ONE of the contentious issues to come out of the meeting of G20 finance ministers in China over the weekend was whether or not the group should include any reference to the recent turmoil in Turkey in the end-of-conference communiqué. It did not, but it probably should have.
After an angry reaction by Turkey’s Deputy Prime Minister Mehmet Simsek, who attended the meeting, the offending language (“It is also important to maintain the economic and financial stability in Turkey,” one passage reportedly read) was removed, with the rest of the statement focusing on, among other things, worries about the Brexit, spreading terrorist violence, and creeping nationalism.
One of the key assertions made, and something that was highly relevant to the July 15 failed coup and its aftermath in Turkey, was the G20’s view that “excess volatility and disorderly movements in exchange rates have adverse implications for economic and financial stability.” In the wake of the coup attempt, the Turkish lira has lost at least six percent of its value against the US dollar, and about 10 percent of the value of the country’s stock market vanished within a couple of days.
That is by no means the extent of the country’s woes. Last week, ratings giant S&P lowered Turkey’s sovereign credit rating from BB+ to BB, two notches below investment grade, and Moody’s, which is due to announce its ratings decision by the middle of next month, is likely to do the same. That will drive a great many investors away from a country that is heavily reliant on hot money and tighten credit in its domestic market, which was already belabored by a near-7 percent inflation rate. Worse still, tourism revenue, a key economic driver for Turkey, had fallen by at least 23 percent since the beginning of the year largely due to the rash of terrorist attacks in the country even before the abortive coup, and is likely to decline even further.
The ferocious crackdown on suspected coup conspirators by the government of President Recep Tayyip Erdogan might also hamper the government’s efforts to get Turkey’s economy back on track. According to Bloomberg, on top of 246 people killed during the short-lived revolt, at least 15,000 arrested or detained, and 3.4 million public employees who face travel restrictions, at least 53,000 others have been removed from their jobs. Most are in the education sector, but among the others are 1,500 employees of the Finance Ministry, 184 from the Customs Ministry, 86 from the central bank, 62 from the Treasury, 51 from the Stock Exchange, and 32 from the Capital Markets Board.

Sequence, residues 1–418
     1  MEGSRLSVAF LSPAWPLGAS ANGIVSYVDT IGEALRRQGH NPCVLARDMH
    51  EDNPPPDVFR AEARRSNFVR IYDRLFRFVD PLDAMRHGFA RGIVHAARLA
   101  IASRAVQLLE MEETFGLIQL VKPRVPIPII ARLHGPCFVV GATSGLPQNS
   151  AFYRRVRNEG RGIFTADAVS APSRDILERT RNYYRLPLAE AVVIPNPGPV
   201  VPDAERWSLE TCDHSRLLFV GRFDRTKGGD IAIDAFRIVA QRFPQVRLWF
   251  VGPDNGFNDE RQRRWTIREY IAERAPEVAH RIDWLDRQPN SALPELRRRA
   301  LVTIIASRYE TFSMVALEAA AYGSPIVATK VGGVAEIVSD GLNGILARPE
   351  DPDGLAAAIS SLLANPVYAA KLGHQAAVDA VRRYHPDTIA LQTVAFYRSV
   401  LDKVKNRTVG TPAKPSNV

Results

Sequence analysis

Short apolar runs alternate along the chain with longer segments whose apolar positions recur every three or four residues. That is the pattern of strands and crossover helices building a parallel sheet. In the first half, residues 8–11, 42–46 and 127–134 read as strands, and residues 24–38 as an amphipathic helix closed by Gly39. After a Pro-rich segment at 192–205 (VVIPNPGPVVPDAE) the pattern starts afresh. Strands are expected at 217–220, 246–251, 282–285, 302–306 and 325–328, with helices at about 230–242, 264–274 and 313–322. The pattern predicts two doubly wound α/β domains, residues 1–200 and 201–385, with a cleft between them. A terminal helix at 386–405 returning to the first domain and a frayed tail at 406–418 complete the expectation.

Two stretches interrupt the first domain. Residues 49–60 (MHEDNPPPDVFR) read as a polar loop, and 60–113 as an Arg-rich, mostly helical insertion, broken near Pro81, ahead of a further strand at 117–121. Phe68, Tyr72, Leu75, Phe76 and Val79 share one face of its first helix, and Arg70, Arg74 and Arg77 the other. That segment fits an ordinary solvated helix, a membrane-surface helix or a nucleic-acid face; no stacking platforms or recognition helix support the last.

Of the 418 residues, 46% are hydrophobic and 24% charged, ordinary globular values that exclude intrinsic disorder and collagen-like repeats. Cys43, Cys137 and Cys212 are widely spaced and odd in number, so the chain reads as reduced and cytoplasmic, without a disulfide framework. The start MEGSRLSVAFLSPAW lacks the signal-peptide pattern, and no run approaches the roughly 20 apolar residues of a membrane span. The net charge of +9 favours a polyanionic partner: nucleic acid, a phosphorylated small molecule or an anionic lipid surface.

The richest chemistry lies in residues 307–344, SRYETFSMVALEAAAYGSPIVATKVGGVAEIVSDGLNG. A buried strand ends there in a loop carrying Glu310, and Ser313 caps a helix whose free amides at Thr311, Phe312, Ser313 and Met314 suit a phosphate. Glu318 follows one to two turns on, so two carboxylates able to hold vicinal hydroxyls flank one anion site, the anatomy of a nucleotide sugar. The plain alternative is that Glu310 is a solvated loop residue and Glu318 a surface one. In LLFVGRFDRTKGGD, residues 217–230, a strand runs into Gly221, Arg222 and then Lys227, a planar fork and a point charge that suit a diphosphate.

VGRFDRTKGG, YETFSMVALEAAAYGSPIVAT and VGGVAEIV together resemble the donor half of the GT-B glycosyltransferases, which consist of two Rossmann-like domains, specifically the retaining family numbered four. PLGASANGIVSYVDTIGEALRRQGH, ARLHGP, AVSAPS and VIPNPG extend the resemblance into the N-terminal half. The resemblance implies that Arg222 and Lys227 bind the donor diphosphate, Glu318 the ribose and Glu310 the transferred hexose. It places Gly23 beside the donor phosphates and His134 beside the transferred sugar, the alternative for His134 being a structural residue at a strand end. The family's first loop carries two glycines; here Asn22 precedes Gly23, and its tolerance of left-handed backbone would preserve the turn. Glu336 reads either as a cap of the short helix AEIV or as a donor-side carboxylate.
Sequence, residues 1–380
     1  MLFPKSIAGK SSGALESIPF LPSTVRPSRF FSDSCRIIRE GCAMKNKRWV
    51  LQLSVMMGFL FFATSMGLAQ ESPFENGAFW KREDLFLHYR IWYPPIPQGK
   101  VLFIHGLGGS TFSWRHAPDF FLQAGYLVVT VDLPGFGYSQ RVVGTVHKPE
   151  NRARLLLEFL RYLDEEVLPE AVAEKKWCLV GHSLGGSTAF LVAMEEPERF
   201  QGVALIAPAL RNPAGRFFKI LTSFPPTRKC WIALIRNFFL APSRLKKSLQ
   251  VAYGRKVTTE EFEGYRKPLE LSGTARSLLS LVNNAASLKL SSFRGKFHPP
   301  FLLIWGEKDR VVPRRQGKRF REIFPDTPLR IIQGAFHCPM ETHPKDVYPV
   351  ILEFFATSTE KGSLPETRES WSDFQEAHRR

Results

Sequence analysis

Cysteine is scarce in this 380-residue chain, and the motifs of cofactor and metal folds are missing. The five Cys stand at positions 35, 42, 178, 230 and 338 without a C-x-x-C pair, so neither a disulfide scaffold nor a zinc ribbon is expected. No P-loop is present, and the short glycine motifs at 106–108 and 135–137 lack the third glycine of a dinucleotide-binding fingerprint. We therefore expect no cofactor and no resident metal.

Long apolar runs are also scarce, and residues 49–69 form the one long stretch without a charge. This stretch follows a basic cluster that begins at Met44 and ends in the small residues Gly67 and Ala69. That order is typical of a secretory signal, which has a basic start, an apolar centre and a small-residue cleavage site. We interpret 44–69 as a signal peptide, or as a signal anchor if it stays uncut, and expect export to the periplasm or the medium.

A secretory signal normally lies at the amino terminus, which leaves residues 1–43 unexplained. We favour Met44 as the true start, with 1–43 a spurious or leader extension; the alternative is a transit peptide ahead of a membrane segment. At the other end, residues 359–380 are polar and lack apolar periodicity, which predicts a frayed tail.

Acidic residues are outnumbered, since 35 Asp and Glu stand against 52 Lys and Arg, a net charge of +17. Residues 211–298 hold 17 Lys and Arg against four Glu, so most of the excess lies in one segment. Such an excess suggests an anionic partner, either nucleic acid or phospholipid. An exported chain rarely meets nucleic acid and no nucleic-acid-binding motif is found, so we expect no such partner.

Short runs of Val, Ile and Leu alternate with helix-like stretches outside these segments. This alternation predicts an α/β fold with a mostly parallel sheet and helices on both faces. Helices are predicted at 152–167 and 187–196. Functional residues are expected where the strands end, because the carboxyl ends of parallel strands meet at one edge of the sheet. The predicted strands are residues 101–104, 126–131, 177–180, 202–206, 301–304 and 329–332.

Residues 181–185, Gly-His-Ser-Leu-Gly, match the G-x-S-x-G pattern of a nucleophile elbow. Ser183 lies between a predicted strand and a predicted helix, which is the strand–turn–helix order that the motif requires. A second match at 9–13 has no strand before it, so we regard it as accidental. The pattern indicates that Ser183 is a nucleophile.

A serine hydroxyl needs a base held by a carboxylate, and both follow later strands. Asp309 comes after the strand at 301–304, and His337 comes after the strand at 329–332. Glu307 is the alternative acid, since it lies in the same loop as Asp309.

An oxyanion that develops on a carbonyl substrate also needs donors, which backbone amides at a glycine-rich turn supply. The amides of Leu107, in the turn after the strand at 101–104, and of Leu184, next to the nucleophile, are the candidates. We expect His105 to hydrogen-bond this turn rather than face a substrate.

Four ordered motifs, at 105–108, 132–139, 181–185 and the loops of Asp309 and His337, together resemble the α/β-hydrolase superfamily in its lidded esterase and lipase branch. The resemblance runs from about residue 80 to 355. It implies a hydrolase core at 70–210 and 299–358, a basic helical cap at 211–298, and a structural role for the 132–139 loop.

All this matters, of course, because Turkey has for centuries been a literal bridge between Asia and Europe, and particularly so in the latter day as Europe becomes increasingly fractious and the Middle East descends into utter chaos. A stable Turkey is in a sense the guardian of Europe’s back door, and with the impending Brexit and growing protectionist jitters in the EU, a breakdown in Turkey would unleash an economic and political storm on the continent.
Less directly, it matters to our part of the world because a shake-up in until recently stable and prosperous Turkey drives investors and their money to safe havens, a flight that will only accelerate if turmoil in Turkey has an impact on countries with which it has close economic ties. The Philippines, imperfect as it is, is definitely perceived as one of those safe havens.
The great irony, however, is that there are growing signs here that this country is beginning to flounder in its own success. Just this weekend, the Bangko Sentral ng Pilipinas (BSP) downplayed suggestions that it would pursue its own objective to lower one of the region’s highest required reserve ratios (RRR) any time soon, as there is already about P1 trillion in excess liquidity sloshing around the financial system.
The country’s cash flow is evidently overwhelming its capacity to absorb it all. To the extent that any central banker can sound excited about anything, BSP Deputy Governor Diwa Guinigundo expressed a bit of frustration at the prospect of having no options other than simply moving great heaps of money back and forth between the central bank’s overnight and term deposit facilities to keep it from drowning the economy. But the number of other places in which excess money in the financial system can be made to disappear is quickly running out. The stock market, a natural repository for excess money, is considered overvalued (the current price-to-earnings ratio is beyond 20); and the real estate sector, another popular area of untrammeled spending, seems to be undergoing a bit of a pull-back out of a sense that it may have created a supply bubble.
The obvious solution, of course, is to encourage hard investment in massive development in agriculture, resource extraction, industry, and infrastructure, but these are things that take time and favorable politics to accomplish. One or two more countries like Turkey – or as I pointed out at the end of last week, places like Venezuela, Brazil, or Argentina – and we could find ourselves in a bit of jam, submerged in money looking for a place to accumulate, while at the same time losing global markets for our own investments and exports, or at least seeing them severely compromised.